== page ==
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Besides selling their own products, there are other related products on sale.

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The highlight of the shop is the full-scale-model of a liquor store from the late 19th century and the beginning of the 20th century. The original poster that is hung on the wall adds the finishing touch.

Information

Nakano Sake Shop
Hours: 9:30am – 5pm (Closed on Monday)
Tel: 0120-59-3010
Access: A 15-min walk from Tendo Station (JR Yamagata Shinkansen)
Address: Hitoichimachi 1-4-12, Tendo-shi, 994-0044 Yamagata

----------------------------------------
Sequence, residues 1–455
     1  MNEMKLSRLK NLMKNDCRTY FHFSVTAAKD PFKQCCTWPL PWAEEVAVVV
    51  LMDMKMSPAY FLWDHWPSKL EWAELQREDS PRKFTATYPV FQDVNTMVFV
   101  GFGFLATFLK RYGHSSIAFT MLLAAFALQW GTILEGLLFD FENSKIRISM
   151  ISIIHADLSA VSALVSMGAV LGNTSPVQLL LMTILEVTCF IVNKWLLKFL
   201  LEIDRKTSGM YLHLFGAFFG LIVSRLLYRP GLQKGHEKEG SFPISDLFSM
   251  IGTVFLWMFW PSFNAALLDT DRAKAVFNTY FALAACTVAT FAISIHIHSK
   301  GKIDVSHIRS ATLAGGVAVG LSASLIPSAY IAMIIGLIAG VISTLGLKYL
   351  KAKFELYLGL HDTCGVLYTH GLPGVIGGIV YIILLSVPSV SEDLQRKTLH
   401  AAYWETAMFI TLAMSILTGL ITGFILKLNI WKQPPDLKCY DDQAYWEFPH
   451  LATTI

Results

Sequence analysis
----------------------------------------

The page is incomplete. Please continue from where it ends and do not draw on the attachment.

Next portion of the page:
URL: http://www.dewazakura.co.jp/index.htm

Ninja ID: nene16


WATTENTION WRITER PROFILE

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Tabea Greuner
Living and working in Japan since 2015. Always excited about discovering new places. Passion for photography, nature-lover & Japanese fashion expert. MORE ARTICLES BY THIS WRITERABOUT WATTENTION NINJA

Heart Warming, Soul Lifting: Imoni and Konnyaku, Yamagata Prefecture

Imoni

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Imo, or tubers in Japanese, are traditionally a staple food in Tohoku. It is dense in nutrients and an ideal source of carbohydrates. The root vegetable is often cooked with meat and served in a thick soup for visitors, family and friends. In autumn, locals often gather near a river and enjoy imoni together, a tradition called imonikai.

Konnyaku